Research Paper by Simon Euteneier #997011987
Alexander of Macedon is unquestionably one of histories most important figures. His conquest and unification of Greece and the Persian Empire led to an unprecedented blending of cultures and peoples. It also resulted in a much-needed period of peace within the ancient Mediterranean and Middle Eastern worlds. Although the outcome of Alexander’s conquest was generally good, what was Alexander’s true character and what were his true intentions? Modern scholars have interpreted the primary sources in different ways. Some cast Alexander in a positive light, claiming that he was a brilliant strategist, and righteous man. Other scholars claim that Alexander’s motivations were darker in nature. In this paper, I will examine the works of two predominant scholars on Alexander. The first, W. W. Tarn, gives an overly positive portrayal of Alexander, while the second, Peter Green, presents a more critical and overly negative account of Alexander. In this paper, I will also examine what environmental or personal factors may have shaped their divergent interpretations of this historical figure. William Woodthrope Tarn (1869-1957) was raised in Dingwall, Scottland. He was educated in England at the university of Cambridge. He was not enlisted into either of the wars that he lived through, although he did do some intelligence work in London. Due to disability, Tarn was unable to travel during his lifetime. He lived a quiet country life in Scottland and it is within this environment that he wrote the book that we will be discussing, titled “Alexander the Great”. He was an eminent scholar in spite of never having held an academic position and he was knighted in 1952. Many have acclaimed Tarn to be the world’s leading authority on Alexander the Great and this book is the culmination of his life’s research and work. His research and publications are mainly concentrated in the areas of Alexander’s life, conquest and the subsequent Hellenistic world.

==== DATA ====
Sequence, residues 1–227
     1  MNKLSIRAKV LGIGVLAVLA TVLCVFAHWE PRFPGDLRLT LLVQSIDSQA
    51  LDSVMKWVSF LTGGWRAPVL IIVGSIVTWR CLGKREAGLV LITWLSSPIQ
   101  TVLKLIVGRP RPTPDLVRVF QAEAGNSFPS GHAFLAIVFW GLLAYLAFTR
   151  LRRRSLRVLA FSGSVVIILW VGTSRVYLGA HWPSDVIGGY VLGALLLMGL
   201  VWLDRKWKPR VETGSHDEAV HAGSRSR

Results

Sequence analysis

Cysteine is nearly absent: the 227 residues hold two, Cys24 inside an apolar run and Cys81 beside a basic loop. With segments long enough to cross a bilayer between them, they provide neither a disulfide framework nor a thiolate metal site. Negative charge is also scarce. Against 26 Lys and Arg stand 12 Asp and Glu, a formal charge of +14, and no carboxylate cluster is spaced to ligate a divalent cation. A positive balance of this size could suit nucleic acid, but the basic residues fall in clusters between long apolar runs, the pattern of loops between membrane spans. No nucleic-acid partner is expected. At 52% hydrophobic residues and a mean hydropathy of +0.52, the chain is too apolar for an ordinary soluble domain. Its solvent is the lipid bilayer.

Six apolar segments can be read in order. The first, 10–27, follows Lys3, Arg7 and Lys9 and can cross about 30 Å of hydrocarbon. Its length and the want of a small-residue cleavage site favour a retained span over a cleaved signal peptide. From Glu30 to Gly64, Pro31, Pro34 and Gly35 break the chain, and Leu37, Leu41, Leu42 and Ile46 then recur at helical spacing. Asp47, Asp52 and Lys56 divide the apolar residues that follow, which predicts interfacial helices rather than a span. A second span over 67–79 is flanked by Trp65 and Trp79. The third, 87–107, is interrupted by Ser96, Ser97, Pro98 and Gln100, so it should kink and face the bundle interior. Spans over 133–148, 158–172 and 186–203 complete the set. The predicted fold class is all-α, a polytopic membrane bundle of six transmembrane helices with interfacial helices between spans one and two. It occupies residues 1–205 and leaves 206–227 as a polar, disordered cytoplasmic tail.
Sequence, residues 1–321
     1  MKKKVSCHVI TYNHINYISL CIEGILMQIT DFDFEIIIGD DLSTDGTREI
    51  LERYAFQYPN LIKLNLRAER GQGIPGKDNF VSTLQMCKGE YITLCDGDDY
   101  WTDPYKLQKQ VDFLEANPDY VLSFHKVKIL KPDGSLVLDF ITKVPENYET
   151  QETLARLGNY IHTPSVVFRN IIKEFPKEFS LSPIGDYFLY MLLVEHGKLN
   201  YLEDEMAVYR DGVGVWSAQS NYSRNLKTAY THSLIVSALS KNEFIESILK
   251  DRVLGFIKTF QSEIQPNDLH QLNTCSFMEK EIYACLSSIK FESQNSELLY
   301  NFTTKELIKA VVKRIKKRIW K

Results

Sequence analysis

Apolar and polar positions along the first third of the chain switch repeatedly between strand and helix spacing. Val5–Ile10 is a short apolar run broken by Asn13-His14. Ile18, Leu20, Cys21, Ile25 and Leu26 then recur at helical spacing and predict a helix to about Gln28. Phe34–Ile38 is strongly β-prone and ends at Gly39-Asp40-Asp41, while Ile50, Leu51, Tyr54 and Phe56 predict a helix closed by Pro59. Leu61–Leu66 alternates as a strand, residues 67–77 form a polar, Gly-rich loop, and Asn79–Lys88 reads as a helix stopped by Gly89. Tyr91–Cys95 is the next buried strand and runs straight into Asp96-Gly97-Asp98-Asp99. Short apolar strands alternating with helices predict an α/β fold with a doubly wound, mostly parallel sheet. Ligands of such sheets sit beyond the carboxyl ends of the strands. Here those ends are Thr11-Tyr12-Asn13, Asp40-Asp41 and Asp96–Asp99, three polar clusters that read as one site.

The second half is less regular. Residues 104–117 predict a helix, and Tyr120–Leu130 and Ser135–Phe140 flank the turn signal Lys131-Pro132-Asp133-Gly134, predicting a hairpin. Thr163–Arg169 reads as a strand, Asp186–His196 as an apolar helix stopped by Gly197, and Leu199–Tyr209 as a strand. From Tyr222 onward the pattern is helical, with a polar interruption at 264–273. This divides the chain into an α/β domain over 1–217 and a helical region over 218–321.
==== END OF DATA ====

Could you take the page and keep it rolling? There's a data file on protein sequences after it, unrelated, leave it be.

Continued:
Peter Morris Green was a British man born in 1924. He was educated at the University of Cambridge in England, and he briefly lived on the island of Lesbos in Greece where he conducted research. He also served briefly with the British Air Force in Burma at the end of World War II. Has a background in, and has written extensively on the ancient Hellenistic world. He has also written extensively on ancient Greek and Homeric mythology, as well as Greek and Roman poetry and literature. The book we will be examining, “Alexander of Macedon” was written while Dr. Green was holding the Mellon Chair in Humanities at the University of Tulane, New Orleans. Tarn starts his book by introducing Alexander. He states that Alexander inherited his father’s military talent and practicality and his mother’s passionate spirit. Tarn also states that Alexander carried a strong love for mythology with him into adulthood, even sleeping with a copy of the Iliad under his pillow. He also describes Alexander as possessing the following traits: masterful, generous, loyal to friends, and interested in science. He goes on to say that these traits bore fruit for Alexander’s later care for his army in Asia. Here we already see that Tarn is presenting Alexander in an overly positive light by using colourful and highly subjective language (which Tarn does not support with examples or evidence) to describe Alexander (Pg. 1-2). It is as if he is unaware Alexander executed some of his friends (such as Parmenio) on suspicions substantiated by little evidence, and attempted to make an exhausted and weak army which was on the verge of mutiny march 12 days across an Indian desert to the river Ganges. Later in the book he does little to justify his initial portrait of Alexander. When talking about the murder of Parmenio Tarn merely brushes over the episode and states “there were of course terrible crimes…the murder of...